The Calgary Flames seem to be in a particularly precarious position ahead of the Seattle Kraken's expansion draft this summer, but it seems things have become a touch clearer, now.
It's possible that this move backfires for Lucic, who says he prefers to remain with the Flames, even wanting to finish his career in Calgary. However it seems unlikely that Seattle jumps at the chance to take the lumbering forward, who just eclipsed 1,000 games for his career, given his cost and capabilities at this point.
Still, it's a selfless move from Lucic — one not every player has been willing to make, and one that could avoid serious consequences. Kevin Bieksa, for example, turned down that request when he was with the Anaheim Ducks, a decision that ultimately forced maybe the most egregious mistake, when an elite defender in Shea Theodore was scooped up by the Vegas Golden Knights through the expansion process.
Unfortunately for Calgary, Lucic's decision to stick out his neck won't solve every issue facing Treliving, who has plenty of work to do in order to minimize the damage. With Matthew Tkachuk, Johnny Gaudreau, Sean Monahan, Elias Lindholm, Mikael Backlund, Andrew Mangiapane and Dillon Dube each requiring protection, it's likely that the Flames will have to opt for the 7-3-1 expansion formation, which likely means it will have to expose one of four high-value defenders.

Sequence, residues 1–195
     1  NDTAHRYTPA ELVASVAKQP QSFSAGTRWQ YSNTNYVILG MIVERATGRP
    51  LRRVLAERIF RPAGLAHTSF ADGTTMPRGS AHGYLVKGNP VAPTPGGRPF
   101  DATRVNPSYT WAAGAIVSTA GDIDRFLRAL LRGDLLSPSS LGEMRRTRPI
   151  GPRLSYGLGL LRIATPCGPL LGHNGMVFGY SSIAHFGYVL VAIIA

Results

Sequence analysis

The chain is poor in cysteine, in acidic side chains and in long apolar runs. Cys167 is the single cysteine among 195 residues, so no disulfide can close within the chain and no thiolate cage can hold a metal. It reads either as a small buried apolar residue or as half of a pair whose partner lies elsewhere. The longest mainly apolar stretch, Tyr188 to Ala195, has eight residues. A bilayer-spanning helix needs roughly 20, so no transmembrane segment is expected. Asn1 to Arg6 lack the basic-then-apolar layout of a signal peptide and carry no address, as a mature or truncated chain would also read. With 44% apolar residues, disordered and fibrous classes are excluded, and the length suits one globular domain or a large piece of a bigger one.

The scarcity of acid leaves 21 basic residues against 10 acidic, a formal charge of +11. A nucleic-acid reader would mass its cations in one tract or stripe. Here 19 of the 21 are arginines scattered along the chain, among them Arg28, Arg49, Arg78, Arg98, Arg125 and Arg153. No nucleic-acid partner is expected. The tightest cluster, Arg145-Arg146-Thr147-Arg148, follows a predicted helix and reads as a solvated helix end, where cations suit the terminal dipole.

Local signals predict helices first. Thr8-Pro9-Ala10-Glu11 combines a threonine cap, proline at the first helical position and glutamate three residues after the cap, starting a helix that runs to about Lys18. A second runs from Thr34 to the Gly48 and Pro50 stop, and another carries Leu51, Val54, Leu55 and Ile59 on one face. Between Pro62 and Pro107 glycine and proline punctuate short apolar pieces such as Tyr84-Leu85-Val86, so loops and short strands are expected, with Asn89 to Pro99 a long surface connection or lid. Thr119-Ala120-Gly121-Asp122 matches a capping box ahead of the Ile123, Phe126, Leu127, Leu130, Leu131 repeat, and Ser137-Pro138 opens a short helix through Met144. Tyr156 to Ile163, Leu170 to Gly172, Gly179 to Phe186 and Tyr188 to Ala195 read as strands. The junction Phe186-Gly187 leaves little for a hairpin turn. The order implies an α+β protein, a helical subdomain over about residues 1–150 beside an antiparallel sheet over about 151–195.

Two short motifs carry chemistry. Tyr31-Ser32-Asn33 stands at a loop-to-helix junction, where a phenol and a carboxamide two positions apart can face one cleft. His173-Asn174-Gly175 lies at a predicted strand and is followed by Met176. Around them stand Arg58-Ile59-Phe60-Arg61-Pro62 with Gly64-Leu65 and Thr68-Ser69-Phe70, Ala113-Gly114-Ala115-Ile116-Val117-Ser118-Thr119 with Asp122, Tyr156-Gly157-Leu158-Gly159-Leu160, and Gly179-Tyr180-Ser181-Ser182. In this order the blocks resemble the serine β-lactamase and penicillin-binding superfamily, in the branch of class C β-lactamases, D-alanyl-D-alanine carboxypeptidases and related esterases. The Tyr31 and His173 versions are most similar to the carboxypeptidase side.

This is unless the Flames opt to protect four forwards and four defenders, and are willing to expose a significant portion of their core, losing either Backlund, Mangiapane or Dube. This under the working assumption that Tkachuk, Gaudreau, and Monahan are all still in the mix.
It's expected to be a busy offseason for Treliving, so it's possible that clarity is brought to the situation before Seattle is ready to make its pick.
However there's still obvious work to do, even after Lucic agreed to do his part.
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